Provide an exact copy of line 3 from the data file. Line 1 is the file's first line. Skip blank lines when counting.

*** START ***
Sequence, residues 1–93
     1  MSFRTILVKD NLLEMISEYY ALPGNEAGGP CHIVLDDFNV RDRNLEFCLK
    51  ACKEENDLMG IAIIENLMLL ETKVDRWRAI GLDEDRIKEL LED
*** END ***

    51  ACKEENDLMG IAIIENLMLL ETKVDRWRAI GLDEDRIKEL LED